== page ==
You are well beyond the time frame for use of the PCR test to detect HIV infection and should not have had that test. The idea is to diagnose infections before antibody develops, typically a few days to 2-3 weeks after exposure--and even then, only in much higher risk situations than yours. At 40 days (6 weeks) you should have just had a standard abntody test.
You had a low risk exposure that did not warrant testing at all, except as psychological support. If you have had a negative antibody test at least 6 weeks after the event, you need no further testing. If you haven't yet had an antibody test and need thereassurance, do it now. The result will be negative.
PCR DNA test are not diagnostic tests. They are not a stand alone test either. There is one PCR test that is a diagnostic test and it's a PCR RNA test. But it too, is not a stand alone test.
Thanks Doc...why do the testing centers (like LabCorp) offering DNA PCR say to wait 28 days, if by that point in time, its not as useful? Wouldn't they want to move up the time frame then? The results are still valid post 28 days - as there would be HIV DNA?
FYI - I did have an antibody test at the exact same time (40 days) - which was negative.
Because the commercial laboratories and the PCR test manufacturers are promoting the test for a differnent purpose than you used it for. The main use of the test is to monitor the status of someone's ongoing HIV infection, not to diagnose new infections. For that purpose--which as I said above is not recommended in situations like yours--there is no reason to use PCR beyond ~4 weeks, when the antibody tests are positive.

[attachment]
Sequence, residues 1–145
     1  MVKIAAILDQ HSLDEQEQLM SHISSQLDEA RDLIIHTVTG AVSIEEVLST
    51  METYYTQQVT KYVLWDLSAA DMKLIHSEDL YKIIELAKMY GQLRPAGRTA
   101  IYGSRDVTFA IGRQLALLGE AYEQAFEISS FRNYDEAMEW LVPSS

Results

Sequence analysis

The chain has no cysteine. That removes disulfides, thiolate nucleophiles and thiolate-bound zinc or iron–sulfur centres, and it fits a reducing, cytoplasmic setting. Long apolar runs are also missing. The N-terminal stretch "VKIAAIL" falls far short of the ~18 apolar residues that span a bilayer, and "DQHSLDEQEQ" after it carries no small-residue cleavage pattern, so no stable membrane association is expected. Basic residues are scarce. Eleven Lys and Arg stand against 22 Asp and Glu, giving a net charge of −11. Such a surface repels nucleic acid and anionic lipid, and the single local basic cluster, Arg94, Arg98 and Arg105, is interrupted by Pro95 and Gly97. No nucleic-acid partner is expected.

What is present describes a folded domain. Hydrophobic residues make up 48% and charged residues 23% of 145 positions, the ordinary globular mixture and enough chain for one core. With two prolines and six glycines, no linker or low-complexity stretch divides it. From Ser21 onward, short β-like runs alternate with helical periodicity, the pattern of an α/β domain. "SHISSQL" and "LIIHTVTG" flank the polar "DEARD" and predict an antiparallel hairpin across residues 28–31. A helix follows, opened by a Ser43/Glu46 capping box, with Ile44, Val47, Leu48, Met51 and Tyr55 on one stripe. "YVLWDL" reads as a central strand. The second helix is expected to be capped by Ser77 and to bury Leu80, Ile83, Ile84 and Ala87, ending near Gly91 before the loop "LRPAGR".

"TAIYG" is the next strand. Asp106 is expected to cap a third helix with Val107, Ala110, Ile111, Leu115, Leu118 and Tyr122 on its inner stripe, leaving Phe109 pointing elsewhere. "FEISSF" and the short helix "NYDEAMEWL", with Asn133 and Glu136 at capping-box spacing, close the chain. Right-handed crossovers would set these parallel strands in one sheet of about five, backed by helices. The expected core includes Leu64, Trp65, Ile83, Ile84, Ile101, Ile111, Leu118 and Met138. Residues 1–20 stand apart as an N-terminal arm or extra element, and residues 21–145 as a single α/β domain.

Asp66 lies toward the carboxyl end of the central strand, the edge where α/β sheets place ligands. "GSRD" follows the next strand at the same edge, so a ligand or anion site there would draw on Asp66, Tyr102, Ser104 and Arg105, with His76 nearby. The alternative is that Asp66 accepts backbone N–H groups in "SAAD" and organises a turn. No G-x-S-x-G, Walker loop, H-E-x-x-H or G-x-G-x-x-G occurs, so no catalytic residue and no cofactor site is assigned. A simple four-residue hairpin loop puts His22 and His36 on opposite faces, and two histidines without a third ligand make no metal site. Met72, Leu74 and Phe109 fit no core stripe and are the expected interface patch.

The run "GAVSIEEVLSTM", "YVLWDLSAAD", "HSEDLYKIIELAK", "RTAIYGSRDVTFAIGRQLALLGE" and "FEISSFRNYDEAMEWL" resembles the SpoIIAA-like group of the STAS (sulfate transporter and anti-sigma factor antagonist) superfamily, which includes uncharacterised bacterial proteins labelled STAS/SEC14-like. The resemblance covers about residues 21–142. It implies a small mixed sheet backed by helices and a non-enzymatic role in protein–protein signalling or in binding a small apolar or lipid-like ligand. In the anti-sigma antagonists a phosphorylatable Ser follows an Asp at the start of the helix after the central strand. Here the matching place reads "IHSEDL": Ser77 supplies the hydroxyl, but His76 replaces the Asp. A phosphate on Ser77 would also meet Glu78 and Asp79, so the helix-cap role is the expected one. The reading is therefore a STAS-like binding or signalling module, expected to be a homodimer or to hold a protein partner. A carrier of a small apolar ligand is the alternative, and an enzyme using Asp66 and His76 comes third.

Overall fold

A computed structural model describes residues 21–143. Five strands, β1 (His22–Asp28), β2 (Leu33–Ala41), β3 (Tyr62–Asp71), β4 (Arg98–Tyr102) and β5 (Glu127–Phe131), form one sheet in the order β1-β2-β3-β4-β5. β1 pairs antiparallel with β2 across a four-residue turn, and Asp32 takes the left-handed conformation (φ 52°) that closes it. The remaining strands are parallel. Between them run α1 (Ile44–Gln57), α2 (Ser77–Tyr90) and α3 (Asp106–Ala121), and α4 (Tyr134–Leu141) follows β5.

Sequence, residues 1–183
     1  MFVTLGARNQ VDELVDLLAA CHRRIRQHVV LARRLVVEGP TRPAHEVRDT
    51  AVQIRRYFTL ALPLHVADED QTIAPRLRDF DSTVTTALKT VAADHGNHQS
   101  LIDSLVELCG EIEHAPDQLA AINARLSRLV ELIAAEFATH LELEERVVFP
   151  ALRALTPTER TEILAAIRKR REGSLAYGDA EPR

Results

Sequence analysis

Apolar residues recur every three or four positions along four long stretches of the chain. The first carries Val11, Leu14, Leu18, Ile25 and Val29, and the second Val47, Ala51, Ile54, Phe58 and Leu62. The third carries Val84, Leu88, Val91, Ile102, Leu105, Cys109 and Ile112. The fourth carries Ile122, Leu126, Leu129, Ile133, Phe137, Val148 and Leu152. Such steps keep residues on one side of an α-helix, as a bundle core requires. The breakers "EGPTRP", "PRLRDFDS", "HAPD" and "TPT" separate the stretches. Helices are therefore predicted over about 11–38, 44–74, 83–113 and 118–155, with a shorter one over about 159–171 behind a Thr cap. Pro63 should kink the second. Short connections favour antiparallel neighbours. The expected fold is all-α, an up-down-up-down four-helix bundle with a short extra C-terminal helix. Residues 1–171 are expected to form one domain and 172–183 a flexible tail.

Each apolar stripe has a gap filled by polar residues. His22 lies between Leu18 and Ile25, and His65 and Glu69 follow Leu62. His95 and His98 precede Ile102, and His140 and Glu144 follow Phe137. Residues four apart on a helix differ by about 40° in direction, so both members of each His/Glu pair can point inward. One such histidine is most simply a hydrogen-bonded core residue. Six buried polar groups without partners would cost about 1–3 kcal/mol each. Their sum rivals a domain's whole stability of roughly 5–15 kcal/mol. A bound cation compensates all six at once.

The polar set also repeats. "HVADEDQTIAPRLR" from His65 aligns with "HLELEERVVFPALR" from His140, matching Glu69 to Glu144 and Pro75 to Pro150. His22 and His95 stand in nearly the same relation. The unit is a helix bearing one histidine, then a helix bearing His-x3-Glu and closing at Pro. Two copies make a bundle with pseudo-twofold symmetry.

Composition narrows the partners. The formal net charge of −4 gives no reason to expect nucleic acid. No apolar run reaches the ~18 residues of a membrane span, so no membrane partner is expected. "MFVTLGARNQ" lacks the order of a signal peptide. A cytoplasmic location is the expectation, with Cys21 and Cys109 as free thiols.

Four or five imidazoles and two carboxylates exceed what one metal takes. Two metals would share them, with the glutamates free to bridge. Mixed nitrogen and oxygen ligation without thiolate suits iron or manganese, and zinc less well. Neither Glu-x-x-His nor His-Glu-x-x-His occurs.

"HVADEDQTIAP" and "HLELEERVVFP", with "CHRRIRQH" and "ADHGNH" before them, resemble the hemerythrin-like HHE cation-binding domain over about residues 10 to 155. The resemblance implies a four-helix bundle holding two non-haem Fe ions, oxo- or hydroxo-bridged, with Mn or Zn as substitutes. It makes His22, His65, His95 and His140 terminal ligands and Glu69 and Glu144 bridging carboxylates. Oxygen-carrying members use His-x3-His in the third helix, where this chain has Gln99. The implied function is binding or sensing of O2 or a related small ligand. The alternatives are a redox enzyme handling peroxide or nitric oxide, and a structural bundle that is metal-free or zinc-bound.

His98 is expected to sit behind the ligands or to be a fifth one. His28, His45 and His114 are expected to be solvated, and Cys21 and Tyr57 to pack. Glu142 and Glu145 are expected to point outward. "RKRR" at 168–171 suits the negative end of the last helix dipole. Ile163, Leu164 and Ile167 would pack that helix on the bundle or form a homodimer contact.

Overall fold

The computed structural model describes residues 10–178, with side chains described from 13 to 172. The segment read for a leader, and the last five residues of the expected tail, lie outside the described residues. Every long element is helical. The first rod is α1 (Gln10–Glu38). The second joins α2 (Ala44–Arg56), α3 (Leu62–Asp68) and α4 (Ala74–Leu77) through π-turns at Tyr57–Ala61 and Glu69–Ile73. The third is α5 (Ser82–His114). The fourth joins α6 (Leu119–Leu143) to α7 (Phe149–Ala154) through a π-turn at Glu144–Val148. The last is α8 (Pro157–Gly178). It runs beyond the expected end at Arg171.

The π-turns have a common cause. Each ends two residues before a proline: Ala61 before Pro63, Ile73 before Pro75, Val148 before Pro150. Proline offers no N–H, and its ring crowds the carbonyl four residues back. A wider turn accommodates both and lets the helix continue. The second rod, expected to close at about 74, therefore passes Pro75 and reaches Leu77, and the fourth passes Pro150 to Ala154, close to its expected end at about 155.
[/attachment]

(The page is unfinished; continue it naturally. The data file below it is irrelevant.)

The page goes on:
One minor correction to Teak's post. While both PCR tests (RNA and DNA) are NOT recommended for diagnostic purposes, of the two, the one used most for diagnosis is the DNA test. It is used to diagnose newborns if their mom was HIV positive (because a newborn will not produce antibodies soon after birth). The RNA test (which is also called a viral load test) is used in the treatment of people already infected and in treatment for HIV. The DNA test is simply a positive/negative test which can detect very small levels of HIV in a person's system.
As noted also, the PCR tests can show a false positive for several reasons and this is the primary reason they are not recommended (along with their expense).
Ronnie, you are incorrect.
Gen-Probe Receives FDA Approval for APTIMA(R) HIV-1 RNA Qualitative Assay for Clinical Diagnostic Use
SAN DIEGO, Oct. 5 /PRNewswire-FirstCall/ -- Gen-Probe (Nachrichten) announced today that the U.S. Food and Drug Administration (FDA) has granted marketing approval for the APTIMA(R) HIV-1 RNA qualitative assay. The assay may be used as an aid in the diagnosis of acute and primary HIV-1 infection, and to confirm HIV-1 infection in an individual whose specimen is repeatedly reactive (positive) for HIV-1 antibodies. The assay is the first FDA-approved qualitative nucleic acid test (NAT) for these intended uses.
Gen-Probe expects to launch the assay in November in conjunction with the APTIMA HCV (hepatitis C virus) RNA qualitative assay. Detection of HCV RNA is evidence of active HCV infection. The APTIMA HCV assay may be used to detect HCV RNA in individuals with antibody evidence of HCV infection and evidence of liver disease, individuals suspected to be actively infected with HCV with antibody evidence, and individuals at risk for HCV infection with antibodies to HCV.
"We believe these two new qualitative viral products may fill a small yet important medical niche in the detection of two treatable but potentially life-threatening diseases, especially in light of new CDC guidelines that support increased testing for HIV, and new scientific publications regarding hepatitis C," said Steve Kondor, Gen-Probe's vice president of sales and marketing.